Pride’s Dark Legacy
Opponents of MMA legalization have several arguments in their favor. The sport is undeniably violent and the risk of injury is high. Even though MMA has a far lower knockout rate than boxing, as many as 40% of the fighters end up injured after a match (although the severity of those injuries vary). Two fighters are known to have died in MMA matches while another fighter (the WEC’s Marcus Galvao) suffered an in-ring seizure after getting knocked out in March 2009.
And they also have Pride Fighting Championships.
During its heyday, Pride sold out arenas across Japan and pulled in millions from its lucrative TV deal while the UFC struggled to fill high-school gyms and get on PPV. Pride also paid its fighters more, and as a result, many top stars flocked to Japan. Pride’s champions were, generally, held in higher esteem by MMA fans and analysts due to the higher level of competition. Wanderlei Silva was the top 205-pound fighter in the world during his run with Pride, while Fedor Emilianenko established himself as one of the greatest heavyweights of all time with his dominance in the organization. Many others, like Cro Cop, Shogun, Rampage, and Minotauro became so famous that people could recognize them from their nicknames alone.
However, there was a dark underbelly to Pride, one that ultimately led to its undoing and purchase by the UFC. For all the talk about how the UFC has moved closer to the mainstream by breaking from its early days, when it was no-holds-barred fighting (drawing the famous comment from John McCain about how it was like “human cockfighting.”), it will never get the acceptance it craves as long as people associate them with the seediness of Pride. In many ways, Pride was what you’d get if you had almost no oversight or regulation. There were weight classes, but they weren’t strictly enforced. The rules made UFC matches look like a thumb-wrestling. Here are the Pride rules and how they differed from the Unified Rules that most state athletic commissions use. If your initial reaction to the fact that you could stomp, kick, or knee the heads of downed opponents wasn’t some variation of the phrase: “Damn, Pride was messed up,” then I don’t know what to say to you. I don’t know if there’s a state in this country that would legalize MMA if they were using Pride rules. Maybe Texas.
And then there were the drugs. Or rather, the lack of any real drug testing. Sure, some fighters claimed they took drug tests in Pride. If that’s the case, then there’s something seriously wrong with the labs in Japan. Then again, these scientists also developed the Prius’ breaks, so I guess it’s not too surprising.
Pride held a total of 68 events, of which 66 were in Japan and two were in the United States. During those 66 Japanese events, not a single fighter was ever reported to have tested positive for any kind of banned substance. However, in the two U.S. events, three fighters came up dirty (Nick Diaz at Pride 34, and Vitor Belfort and Pawel Nastula at Pride 32) and a fourth (Kevin Randleman) provided a urine sample that was either from a dead man or a non-human. Also on the Pride 32 card was Josh Barnett, who flunked two drug tests with the UFC, but never failed a single test in Japan. He flunked a test last summer in California that helped lead to the end of the Affliction promotion. It looked like his American career was in doubt, so he recently turned up with DREAM, the successor organization to Pride in Japan.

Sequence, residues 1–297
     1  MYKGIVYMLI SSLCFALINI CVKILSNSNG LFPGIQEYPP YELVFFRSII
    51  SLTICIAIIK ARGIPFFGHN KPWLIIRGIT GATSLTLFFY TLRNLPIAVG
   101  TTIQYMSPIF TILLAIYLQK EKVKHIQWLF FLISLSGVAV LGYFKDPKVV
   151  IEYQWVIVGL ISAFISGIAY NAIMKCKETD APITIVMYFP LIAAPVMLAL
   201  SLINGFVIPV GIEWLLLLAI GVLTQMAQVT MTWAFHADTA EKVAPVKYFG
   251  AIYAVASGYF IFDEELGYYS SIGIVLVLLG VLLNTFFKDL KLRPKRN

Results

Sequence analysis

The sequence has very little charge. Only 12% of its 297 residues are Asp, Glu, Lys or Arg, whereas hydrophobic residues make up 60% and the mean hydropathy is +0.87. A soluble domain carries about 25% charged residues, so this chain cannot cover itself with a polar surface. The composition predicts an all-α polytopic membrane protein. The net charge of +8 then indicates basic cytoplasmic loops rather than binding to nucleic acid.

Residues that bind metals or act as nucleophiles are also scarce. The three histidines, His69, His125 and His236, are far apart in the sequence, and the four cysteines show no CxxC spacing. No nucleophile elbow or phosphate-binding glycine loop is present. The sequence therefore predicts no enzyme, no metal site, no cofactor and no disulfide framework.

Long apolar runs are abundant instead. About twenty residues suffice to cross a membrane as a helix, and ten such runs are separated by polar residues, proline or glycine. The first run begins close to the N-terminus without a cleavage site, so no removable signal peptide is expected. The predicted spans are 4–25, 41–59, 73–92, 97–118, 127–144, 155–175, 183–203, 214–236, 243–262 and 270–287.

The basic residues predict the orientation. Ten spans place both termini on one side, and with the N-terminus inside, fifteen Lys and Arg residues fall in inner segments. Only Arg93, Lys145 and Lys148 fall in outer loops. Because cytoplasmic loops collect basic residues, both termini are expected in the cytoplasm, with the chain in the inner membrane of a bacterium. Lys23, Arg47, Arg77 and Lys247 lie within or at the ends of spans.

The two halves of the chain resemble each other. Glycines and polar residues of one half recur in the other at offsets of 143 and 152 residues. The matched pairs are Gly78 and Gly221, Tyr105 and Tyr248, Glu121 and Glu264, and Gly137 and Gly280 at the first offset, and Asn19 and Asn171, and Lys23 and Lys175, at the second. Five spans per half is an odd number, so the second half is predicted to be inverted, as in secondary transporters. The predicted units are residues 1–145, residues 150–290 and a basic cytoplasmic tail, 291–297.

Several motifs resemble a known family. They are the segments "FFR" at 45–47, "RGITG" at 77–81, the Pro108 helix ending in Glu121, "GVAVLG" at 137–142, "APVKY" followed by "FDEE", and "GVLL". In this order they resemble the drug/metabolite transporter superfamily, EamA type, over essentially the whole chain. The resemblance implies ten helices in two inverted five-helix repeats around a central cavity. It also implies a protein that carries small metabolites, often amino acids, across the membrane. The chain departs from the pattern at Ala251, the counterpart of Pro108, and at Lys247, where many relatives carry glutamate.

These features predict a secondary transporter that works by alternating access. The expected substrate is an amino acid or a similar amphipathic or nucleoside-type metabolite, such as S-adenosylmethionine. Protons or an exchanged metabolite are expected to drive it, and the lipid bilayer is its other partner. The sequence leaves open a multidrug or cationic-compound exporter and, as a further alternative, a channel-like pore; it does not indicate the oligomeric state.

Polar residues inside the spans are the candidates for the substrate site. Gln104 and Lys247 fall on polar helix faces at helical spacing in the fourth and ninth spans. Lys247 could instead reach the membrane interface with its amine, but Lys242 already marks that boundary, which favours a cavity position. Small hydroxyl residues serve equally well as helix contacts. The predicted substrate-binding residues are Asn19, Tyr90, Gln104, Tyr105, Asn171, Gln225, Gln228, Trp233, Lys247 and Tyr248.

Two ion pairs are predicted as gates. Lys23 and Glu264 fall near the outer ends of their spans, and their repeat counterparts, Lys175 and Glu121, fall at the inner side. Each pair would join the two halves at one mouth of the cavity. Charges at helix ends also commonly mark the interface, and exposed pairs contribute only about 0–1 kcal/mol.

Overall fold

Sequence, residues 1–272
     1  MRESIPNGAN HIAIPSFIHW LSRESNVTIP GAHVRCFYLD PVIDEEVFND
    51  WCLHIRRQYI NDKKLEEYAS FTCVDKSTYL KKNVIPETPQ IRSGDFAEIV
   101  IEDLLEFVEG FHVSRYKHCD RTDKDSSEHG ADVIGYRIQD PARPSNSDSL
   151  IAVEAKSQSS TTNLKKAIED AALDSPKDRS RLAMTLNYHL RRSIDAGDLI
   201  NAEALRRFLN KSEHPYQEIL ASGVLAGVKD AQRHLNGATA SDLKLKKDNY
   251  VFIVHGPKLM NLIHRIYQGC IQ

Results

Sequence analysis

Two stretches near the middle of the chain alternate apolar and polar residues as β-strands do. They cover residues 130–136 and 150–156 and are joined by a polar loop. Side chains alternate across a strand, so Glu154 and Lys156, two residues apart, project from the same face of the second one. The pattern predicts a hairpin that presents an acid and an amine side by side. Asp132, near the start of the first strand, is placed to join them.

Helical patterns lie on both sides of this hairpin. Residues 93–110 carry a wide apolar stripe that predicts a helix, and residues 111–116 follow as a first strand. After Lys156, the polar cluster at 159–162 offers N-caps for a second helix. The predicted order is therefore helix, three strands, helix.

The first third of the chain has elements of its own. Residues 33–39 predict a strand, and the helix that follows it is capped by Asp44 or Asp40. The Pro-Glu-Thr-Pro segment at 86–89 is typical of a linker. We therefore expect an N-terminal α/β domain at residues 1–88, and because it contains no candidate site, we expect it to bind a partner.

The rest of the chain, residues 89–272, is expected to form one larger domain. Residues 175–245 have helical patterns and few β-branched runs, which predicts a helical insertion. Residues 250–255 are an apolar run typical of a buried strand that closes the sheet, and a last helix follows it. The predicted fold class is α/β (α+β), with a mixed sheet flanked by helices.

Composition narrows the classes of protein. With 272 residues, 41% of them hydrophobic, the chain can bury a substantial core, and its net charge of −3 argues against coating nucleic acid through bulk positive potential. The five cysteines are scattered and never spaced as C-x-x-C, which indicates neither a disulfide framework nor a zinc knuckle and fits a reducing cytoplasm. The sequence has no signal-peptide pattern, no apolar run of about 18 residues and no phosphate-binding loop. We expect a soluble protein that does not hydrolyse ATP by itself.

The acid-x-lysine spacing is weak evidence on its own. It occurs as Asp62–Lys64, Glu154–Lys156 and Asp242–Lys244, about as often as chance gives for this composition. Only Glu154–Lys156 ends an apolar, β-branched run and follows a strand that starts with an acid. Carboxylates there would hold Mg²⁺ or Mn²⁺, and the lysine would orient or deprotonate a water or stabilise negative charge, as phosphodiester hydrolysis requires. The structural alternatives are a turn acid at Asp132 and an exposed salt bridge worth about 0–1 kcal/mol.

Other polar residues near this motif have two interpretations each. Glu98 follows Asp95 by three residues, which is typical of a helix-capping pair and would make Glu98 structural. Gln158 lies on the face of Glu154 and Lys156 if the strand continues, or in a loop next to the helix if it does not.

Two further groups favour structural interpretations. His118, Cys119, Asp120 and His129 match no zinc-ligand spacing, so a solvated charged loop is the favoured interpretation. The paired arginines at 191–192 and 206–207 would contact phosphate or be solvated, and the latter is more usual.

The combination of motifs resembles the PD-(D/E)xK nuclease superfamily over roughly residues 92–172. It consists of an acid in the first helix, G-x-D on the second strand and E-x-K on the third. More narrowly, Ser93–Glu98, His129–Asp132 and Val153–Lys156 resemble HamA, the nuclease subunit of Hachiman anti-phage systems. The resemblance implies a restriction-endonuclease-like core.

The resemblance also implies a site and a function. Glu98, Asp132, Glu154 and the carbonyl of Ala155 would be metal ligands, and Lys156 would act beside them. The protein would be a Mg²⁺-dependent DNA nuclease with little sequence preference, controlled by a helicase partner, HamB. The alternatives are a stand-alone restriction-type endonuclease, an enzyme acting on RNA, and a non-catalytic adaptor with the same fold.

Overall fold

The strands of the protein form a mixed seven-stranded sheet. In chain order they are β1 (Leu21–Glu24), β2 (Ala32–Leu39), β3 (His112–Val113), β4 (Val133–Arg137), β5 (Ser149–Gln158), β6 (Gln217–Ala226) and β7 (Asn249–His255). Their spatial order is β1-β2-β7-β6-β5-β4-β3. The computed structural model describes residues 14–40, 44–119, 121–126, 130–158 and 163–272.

Anyway, things only go from bad to worse when it comes to Pride. There were allegations of match-fixing, as well as the suspicious suicide of Pride president Naoto Morishita in 2003. And, of course, there was the Yakuza scandal which cost Pride its lucrative television deal. Getting in bed with the mob is never a good long-term business plan.
The rampant corruption in Pride is one of the reasons why opponents like Bob Reilly warn against getting involved with people like the Fertittas and Dana White. He might not be entirely off-base. The Fertitta brothers were in bankruptcy court to the tune of almost $7 billion and recently reached a settlement for their casinos, while Dana White certainly likes to come off like a foul-mouthed shylock. If the UFC want to be accepted by the mainstream, then they need to embrace the need for rules, regulations, and transparency. Their lobbying effort in New York has stressed the need for sanctioning and oversight by the NY State Athletic Commission. “We want rules,” said Marc Ratner, UFC vice president of regulatory affairs. “We welcome them.”
Hopefully, the UFC will learn from the mistakes of Pride. Otherwise, they can be sure that history will repeat itself and the current #2 company, Strikeforce, will buy them up in a few years. Maybe then we’ll finally get that Fedor vs. Brock match that we’ve all been waiting for.